Nephropathy is one of the most common complications of diabetes mellitus. Glomerular hypertrophy is a hallmark in the early phase of the nephropathy. The mechanism of glomerular hypertrophy, however, remains incompletely understood. We have reported that Gas6 (growth arrest-specific gene 6) and its receptor, Axl, play a key role in the development of glomerulonephritis. Here we show the important role of Gas6/Axl in the pathogenesis of diabetic glomerular hypertrophy. In streptozotocin (STZ)-induced diabetic rats, mesangial and glomerular hypertrophy and an increase in the glomerular filtration rate (GFR) and albuminuria were observed after 12 weeks of STZ injection. The glomerular expression of Gas6 and Axl was increased in those rats. Administration of warfarin inhibited mesangial and glomerular hypertrophy and the increase in GFR and albuminuria in STZ rats. Moreover, we found less mesangial hypertrophy in STZ-treated Gas6 knockout mice than control mice. In vitro we found that stimulation of mesangial cells with Gas6 resulted in mesangial cell hypertrophy. Thus we have found a novel mechanism of glomerular hypertrophy through the Gas6/Axl-mediated pathway in the development of diabetic nephropathy. Inhibition of the Gas6/Axl pathway in diabetic patients might be beneficial to slow down the progression of diabetic nephropathy.
      TGF-β1
      transforming growth factor-β1
      STZ
      streptozotocin
      GFR
      glomerular filtration rate
      MAP
      mitogen-activated protein
      Diabetes is the most common cause of end stage renal disease in many countries. Approximately 30% of type 1 diabetic patients suffer from diabetic nephropathy (
      • Bojestig M.
      • Arnqvist H.J.
      • Hermansson G.
      • Karlberg B.E.
      • Ludvigsson J.
      ,
      • Krolewski M.
      • Eggers P.W.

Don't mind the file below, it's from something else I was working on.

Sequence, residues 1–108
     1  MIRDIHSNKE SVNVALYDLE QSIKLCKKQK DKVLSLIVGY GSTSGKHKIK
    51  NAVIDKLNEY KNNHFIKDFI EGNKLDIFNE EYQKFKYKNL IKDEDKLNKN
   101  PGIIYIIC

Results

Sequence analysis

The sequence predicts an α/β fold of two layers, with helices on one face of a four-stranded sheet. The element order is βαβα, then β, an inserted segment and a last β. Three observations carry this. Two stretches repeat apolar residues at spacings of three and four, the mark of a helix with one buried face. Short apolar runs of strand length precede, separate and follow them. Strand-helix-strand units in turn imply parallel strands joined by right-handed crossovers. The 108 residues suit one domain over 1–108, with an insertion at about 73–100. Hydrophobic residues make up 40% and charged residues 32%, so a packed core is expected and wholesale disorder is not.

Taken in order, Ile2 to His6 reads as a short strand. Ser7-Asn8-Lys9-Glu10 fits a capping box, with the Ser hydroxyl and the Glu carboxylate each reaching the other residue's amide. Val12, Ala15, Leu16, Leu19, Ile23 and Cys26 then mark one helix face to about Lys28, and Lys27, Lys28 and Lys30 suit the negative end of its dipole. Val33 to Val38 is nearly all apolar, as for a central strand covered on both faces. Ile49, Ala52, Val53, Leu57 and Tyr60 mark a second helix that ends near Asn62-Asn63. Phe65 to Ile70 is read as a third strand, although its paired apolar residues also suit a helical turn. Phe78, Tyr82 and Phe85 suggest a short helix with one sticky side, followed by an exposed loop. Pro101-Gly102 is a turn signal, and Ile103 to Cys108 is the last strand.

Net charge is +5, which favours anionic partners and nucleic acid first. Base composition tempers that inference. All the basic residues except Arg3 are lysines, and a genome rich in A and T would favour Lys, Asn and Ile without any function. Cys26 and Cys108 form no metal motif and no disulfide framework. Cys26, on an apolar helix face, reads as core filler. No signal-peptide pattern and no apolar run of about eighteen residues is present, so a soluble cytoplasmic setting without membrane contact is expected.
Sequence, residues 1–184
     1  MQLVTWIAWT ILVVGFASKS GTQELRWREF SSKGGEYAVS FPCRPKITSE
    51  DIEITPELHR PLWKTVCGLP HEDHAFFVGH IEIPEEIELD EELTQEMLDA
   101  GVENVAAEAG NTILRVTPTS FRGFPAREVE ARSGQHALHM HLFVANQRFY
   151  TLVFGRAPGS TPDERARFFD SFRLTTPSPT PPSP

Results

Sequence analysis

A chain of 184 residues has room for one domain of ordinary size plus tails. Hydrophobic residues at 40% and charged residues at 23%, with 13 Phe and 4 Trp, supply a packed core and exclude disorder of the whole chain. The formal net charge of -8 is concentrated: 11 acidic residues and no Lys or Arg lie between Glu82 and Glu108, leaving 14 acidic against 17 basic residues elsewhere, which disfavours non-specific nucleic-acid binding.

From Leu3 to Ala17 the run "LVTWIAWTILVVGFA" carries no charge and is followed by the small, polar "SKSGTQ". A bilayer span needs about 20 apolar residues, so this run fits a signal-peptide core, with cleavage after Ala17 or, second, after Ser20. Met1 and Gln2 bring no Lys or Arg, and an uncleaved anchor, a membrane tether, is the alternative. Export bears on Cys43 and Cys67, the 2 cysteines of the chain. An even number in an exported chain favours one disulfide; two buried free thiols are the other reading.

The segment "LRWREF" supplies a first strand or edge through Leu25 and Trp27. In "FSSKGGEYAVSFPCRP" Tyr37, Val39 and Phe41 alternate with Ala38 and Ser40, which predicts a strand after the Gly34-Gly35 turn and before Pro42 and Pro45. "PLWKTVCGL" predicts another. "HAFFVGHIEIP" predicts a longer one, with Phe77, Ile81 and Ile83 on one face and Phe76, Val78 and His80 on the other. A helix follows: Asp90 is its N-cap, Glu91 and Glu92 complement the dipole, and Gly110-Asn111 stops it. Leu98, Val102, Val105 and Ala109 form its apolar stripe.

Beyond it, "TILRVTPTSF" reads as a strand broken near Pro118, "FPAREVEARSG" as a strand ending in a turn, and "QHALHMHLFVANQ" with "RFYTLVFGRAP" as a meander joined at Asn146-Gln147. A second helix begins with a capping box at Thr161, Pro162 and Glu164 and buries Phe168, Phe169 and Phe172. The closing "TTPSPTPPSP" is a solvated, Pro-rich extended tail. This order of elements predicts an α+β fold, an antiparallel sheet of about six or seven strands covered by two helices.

• Warram J.H.
      ). Therefore, tremendous efforts have been made to elucidate the molecular mechanism of diabetic nephropathy to develop an effective treatment. The feature characteristic of diabetic nephropathy is persistent albuminuria and mesangial expansion followed by glomerulosclerosis and a decline in renal function. The development of glomerulosclerosis in diabetes mellitus is always preceded by the early hypertrophic processes in the glomerular compartment (
      • Ziyadeh F.N.
      ). Because it is important to regulate the early stage of the disease process, extensive efforts have been made to elucidate growth factors and cytokines involved in mesangial expansion or hypertrophy (
      • Wolf G.
      ). Transforming growth factor-β1 (TGF-β1)1 and angiotensin II are found to be implicated in the development of diabetic nephropathy among them (
      • Lehmann R.
      • Schleicher E.D.
      ). Although angiotensin-converting enzyme inhibitors and/or type I angiotensin receptor blockers are effective to some extent, angiotensin-converting enzyme inhibitors can decrease the risk of developing diabetic nephropathy by only 12.5% in type 2 diabetic patients (
      • Ravid M.
      • Brosh D.
      • Levi Z.
      • Bar-Dayan Y.
      • Ravid D.
      • Rachmani R.
      ). Therefore, additional pathogenetic mechanisms are being urgently investigated to help design novel therapies for patients with diabetic nephropathy.